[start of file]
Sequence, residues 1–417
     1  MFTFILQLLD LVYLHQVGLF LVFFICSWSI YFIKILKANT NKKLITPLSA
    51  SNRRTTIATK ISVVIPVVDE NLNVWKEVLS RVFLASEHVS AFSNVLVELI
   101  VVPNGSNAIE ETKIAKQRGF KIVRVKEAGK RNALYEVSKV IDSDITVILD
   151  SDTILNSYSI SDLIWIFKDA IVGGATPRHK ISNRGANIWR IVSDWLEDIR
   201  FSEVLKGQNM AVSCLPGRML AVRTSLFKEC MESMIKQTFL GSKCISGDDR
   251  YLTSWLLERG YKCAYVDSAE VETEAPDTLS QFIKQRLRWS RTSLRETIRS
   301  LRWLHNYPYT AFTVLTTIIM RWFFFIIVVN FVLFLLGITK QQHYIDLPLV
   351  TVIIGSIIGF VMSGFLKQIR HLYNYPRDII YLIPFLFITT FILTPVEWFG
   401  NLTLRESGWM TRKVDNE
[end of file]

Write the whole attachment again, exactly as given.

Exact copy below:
Sequence, residues 1–417
     1  MFTFILQLLD LVYLHQVGLF LVFFICSWSI YFIKILKANT NKKLITPLSA
    51  SNRRTTIATK ISVVIPVVDE NLNVWKEVLS RVFLASEHVS AFSNVLVELI
   101  VVPNGSNAIE ETKIAKQRGF KIVRVKEAGK RNALYEVSKV IDSDITVILD
   151  SDTILNSYSI SDLIWIFKDA IVGGATPRHK ISNRGANIWR IVSDWLEDIR
   201  FSEVLKGQNM AVSCLPGRML AVRTSLFKEC MESMIKQTFL GSKCISGDDR
   251  YLTSWLLERG YKCAYVDSAE VETEAPDTLS QFIKQRLRWS RTSLRETIRS
   301  LRWLHNYPYT AFTVLTTIIM RWFFFIIVVN FVLFLLGITK QQHYIDLPLV
   351  TVIIGSIIGF VMSGFLKQIR HLYNYPRDII YLIPFLFITT FILTPVEWFG
   401  NLTLRESGWM TRKVDNE